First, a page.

In this book David Lyle Jeffrey seeks to characterize illustratively the historical commitment of Christianity to the literacy and literature of Western culture.
Against postmodernist tendencies to deride the historical commitment to meaning in Western art and literature as a regressive "logocentrism," Jeffrey argues that the biblical tradition—the cultural and literary identity forged among Western Christians by virtue of being a "People of the Book"—has in fact given rise to Western literacy.
Jeffrey looks at the Christian "grand narrative" as it is reflected in Western literature, making apt use of the visual arts by incorporating a series of twenty-eight black-and-white illustrations that enrich and fortify the story it tells.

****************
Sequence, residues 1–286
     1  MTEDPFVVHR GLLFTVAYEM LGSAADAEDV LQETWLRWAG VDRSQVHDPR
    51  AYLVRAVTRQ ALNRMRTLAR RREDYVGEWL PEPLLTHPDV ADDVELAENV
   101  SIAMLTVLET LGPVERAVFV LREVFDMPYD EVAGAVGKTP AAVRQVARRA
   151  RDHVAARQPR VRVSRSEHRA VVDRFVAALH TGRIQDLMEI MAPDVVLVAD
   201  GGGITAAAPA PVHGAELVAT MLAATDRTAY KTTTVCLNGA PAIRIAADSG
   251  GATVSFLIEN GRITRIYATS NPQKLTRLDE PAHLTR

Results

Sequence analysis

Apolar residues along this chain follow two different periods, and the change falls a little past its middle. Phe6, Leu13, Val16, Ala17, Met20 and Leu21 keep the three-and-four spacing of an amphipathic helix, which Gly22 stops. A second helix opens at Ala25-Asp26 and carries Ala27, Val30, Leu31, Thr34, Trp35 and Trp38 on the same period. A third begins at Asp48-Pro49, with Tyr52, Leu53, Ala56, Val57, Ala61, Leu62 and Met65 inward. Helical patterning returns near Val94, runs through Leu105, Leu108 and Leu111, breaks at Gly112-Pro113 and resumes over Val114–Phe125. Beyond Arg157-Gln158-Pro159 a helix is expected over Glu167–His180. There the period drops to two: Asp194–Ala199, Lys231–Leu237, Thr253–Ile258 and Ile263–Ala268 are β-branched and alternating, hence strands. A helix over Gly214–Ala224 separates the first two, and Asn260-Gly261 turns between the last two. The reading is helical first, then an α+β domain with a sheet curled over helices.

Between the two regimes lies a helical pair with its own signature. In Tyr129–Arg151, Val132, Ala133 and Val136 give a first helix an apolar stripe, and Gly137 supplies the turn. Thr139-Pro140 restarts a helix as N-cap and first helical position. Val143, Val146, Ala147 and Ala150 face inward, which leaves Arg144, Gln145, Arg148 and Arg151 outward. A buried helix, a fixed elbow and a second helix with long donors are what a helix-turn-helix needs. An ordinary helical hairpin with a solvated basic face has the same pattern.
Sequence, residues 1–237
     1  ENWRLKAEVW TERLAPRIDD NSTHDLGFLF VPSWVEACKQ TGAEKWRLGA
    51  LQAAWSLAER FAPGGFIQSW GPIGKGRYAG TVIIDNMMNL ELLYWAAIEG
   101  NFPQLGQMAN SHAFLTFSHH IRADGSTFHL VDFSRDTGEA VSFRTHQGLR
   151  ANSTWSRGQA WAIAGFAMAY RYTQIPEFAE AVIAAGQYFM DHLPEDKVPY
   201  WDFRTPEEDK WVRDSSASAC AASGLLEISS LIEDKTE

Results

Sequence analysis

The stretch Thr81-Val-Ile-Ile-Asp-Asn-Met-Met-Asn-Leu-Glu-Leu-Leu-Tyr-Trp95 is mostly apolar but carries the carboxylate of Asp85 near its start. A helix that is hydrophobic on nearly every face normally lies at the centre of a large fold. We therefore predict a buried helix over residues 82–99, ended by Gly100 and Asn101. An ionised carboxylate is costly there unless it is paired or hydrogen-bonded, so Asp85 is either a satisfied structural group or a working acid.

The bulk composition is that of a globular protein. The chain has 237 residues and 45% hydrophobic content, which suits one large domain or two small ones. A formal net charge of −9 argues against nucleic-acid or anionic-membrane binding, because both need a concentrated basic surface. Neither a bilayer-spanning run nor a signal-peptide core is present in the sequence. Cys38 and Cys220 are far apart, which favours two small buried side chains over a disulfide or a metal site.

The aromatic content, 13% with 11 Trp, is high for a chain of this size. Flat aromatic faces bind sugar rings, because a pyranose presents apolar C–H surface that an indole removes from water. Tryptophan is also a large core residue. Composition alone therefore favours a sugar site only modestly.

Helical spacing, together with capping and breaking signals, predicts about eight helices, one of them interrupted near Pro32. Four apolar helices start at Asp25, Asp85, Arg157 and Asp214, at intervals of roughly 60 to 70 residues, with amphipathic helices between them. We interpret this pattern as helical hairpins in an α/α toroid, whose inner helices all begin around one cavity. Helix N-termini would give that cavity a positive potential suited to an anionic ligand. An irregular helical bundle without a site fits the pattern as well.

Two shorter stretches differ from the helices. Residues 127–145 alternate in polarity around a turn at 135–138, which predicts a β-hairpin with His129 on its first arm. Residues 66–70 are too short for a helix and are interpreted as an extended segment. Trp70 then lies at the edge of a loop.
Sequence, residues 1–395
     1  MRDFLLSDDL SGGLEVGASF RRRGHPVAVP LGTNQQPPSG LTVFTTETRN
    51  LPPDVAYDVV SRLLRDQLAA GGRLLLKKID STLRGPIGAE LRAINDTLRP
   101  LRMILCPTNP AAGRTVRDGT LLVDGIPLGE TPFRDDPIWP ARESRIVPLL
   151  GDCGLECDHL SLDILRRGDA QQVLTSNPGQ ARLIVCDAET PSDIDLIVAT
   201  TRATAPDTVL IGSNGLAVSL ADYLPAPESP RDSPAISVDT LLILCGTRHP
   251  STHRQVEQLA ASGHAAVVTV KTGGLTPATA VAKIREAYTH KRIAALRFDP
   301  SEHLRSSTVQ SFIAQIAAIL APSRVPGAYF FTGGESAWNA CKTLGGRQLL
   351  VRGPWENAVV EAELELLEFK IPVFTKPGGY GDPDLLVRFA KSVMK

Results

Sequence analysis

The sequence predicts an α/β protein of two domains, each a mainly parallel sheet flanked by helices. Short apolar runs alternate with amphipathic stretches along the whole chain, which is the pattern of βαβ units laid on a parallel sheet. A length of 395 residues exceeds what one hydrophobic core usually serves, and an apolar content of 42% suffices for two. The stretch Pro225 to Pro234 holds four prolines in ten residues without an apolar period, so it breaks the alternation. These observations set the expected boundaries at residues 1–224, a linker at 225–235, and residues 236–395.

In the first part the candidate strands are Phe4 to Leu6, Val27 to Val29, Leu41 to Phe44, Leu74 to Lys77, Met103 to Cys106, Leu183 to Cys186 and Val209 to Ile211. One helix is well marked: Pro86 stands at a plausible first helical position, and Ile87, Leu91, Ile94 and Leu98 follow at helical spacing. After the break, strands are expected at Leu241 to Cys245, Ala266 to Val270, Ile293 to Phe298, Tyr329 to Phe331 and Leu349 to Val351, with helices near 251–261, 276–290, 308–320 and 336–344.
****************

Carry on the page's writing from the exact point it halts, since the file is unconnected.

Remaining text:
Table of Contents
- Logocentrism and Scriptural Tradition
- Scripture upon Scripture
- Secular Scripture: The "Beautiful Captive"
- Evangelization and Literacy
- The Book Without and the Book Within
- Authorial Intent and the Willful Reader
- Symbolism of the Reader
- Authentic Narrative
- The Bible and the American Myth
- Theory and the Broken-Hearted Reader